The news of the loss of Robin Williams is saddening. I however can't help feeling that it is the shared delusion of a better place to go that was likely the cause. This is not a new idea as suicide to speed along the journey to "heaven" that caused the church to announce that it was a sin. Those who say religion isn't harmful if practiced alone I believe are mistaken or have never lost a loved one who was alone with their ideas of a better place. Maybe this idea is ill timed, but I have seen many instances where life was lost due to someone hoping for the promised land because their ideas were allowed to manifest unchallenged.
Just my thoughts
You mentioned this experience as a brief experience, for all we know it is an eternity.
Perhaps there's a delusion of infinite time in that short time while the brain is dying. Maybe dying affects one's perception of time.
In Hinduism, from the standpoint of Brahman, time ceases to exist. I've been able to relate to a lot of eastern scripture and poetry because it seems to overlap with the experiences I've had with psychedelics, and I often wonder if "nirvana," "samadhi," or "satori" is one and the same with the experience that psychedelics induce, because the description of these experiences share so many qualities.
Of course, this experience isn't easily described, and some often will use the word "ineffable," but nevertheless attempt to describe it. I believe if someone were to coin the more perfect analogy, it may not retain this peripheral position in our culture and society as it does today.
I've described it dozens of times before in various threads, but I recently found a word that somewhat sums it up. Panesthesia. This is a word that means the sum of all sensations experienced by a person at one time. In the psychedelic experience, you can have a similar impression where you're in a state of mind that is somehow all possibilities cognized, the entire gamut of experience occurring at once. And, of course, that's not easily described. More commonly heard analogies are "one with everything," or "non-duality," as in the dissolution of the subject-object boundary. The subject of experience, and the objects that are being experienced completely dissolved into a unity.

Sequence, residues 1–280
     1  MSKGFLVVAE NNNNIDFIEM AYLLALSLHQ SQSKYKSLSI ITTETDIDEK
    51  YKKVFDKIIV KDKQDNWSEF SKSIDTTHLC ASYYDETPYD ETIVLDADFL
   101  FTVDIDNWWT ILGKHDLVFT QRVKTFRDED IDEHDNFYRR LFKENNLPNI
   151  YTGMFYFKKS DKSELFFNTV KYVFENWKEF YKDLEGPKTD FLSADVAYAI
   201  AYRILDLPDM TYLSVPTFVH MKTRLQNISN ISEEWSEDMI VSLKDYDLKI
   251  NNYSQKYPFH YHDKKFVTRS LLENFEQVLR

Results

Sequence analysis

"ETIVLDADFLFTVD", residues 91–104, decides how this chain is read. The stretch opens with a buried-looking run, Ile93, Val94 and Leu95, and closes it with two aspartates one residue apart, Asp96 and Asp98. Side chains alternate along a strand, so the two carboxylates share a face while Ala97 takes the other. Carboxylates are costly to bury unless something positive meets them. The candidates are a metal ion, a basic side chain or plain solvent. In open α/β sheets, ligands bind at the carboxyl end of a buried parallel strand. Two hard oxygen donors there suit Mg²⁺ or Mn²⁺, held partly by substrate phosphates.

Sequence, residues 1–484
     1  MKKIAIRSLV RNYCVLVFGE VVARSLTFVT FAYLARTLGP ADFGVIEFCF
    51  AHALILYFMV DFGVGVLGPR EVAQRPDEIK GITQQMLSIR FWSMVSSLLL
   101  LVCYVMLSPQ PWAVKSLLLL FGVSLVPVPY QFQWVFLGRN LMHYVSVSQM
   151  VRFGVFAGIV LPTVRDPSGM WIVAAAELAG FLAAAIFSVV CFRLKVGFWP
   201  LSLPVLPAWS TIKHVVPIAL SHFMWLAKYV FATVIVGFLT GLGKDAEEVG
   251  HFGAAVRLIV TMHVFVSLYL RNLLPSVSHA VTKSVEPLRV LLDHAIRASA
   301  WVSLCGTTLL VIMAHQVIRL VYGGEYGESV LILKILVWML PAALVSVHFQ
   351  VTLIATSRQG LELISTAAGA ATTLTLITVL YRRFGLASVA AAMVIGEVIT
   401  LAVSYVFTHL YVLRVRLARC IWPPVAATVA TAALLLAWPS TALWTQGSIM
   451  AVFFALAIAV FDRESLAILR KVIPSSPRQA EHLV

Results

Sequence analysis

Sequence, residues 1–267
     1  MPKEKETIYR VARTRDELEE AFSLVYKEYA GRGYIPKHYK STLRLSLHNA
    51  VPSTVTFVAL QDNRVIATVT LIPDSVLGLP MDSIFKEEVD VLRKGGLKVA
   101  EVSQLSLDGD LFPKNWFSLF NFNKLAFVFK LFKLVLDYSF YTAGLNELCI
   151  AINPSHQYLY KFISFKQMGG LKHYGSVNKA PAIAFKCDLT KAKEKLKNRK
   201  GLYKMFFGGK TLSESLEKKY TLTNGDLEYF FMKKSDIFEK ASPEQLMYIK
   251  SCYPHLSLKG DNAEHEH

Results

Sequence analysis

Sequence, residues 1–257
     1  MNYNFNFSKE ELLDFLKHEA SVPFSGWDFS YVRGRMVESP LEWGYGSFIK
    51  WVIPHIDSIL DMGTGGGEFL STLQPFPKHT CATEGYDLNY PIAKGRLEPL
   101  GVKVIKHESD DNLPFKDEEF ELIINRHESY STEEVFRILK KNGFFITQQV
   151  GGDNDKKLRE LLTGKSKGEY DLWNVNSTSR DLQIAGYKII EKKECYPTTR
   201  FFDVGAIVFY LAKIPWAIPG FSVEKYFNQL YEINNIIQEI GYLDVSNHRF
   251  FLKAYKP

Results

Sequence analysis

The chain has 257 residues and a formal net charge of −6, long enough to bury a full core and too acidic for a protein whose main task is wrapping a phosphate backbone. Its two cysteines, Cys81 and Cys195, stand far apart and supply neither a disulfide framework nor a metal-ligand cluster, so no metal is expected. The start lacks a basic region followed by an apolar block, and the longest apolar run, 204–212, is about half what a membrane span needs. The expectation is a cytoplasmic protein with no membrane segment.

This is more akin to what people are attempting to describe in the mystical experience. It's not profound awe one gains in staring at a waterfall, or the witnessing of a birth or death, or standing at the edge of The Grand Canyon, it's transcendent of all these experiences, because it is, in a way, the entire spectrum of experience, every possibility to be experienced all happening at once. It's a sort of blow out of the mind, a colossal altered state of consciousness in which all these other experiences, like standing at the edge of a waterfall, are merely aspects within it.
So, when it's said of the standpoint of Brahman, this ultimate state of consciousness, that time stands still, it is because one receives the overwhelming impression that all past, present, and future have coalesced into a single point. That everything from that perspective is static, unchanging, unmanifest, and timeless, because it is, in a way, everything that could ever happen going on at once. So, there's nothing left to be done, there's no where to go, there's nothing to say, etc.
I find it interesting in Hinduism that you will come across concepts such as nirvikalpa samadhi which is defined as "the final dissolution of consciousness into Brahman where it can no longer return to the lower states of consciousness, no longer return to 'maya,' the illusion of duration, the illusion of being a bodily being in a determined universe." It's as though in this view consciousness retracts into whatever higher dimension it came from in the first place. It's sort of the opposite of what you're saying here, Laura. I mean, I don't posit any of this as true, of course, but it's interesting food for thought. It's the opposite in that we may be deluding ourselves in this moment, that we are separate entities trapped in the duration of time when actually that's the illusion, and the "ultimate reality" is this other realm where all these possibilities are already played out. It's often said of Brahman, the Godhead of Hindu religion, that Brahman sleeps and dreams that it's all these universes within the multiverse, and all the separate entities, each and every one of us. Every node of consciousness is a subset within Brahman, a fractal adumbration of Brahman, Brahman as the "final Self of all selves."
It's sort of like Michio Kaku's layman's explanation of M-Theory, that the 11-dimensional hyperspace can be thought, by analogy, as a "place where all possibilities are contained," and the manifest universe are vibrations on strings which select notes from this higher dimensional plane. So, our 3D universe is a slice of a higher 11D continuum in the very same way that a circle is a slice of a cone when it transects it. So, in order to have the illusion of experience, you cannot play all the notes at once, but select patterns of notes to give way of our perception of the universe as we see it from our humanly perspective.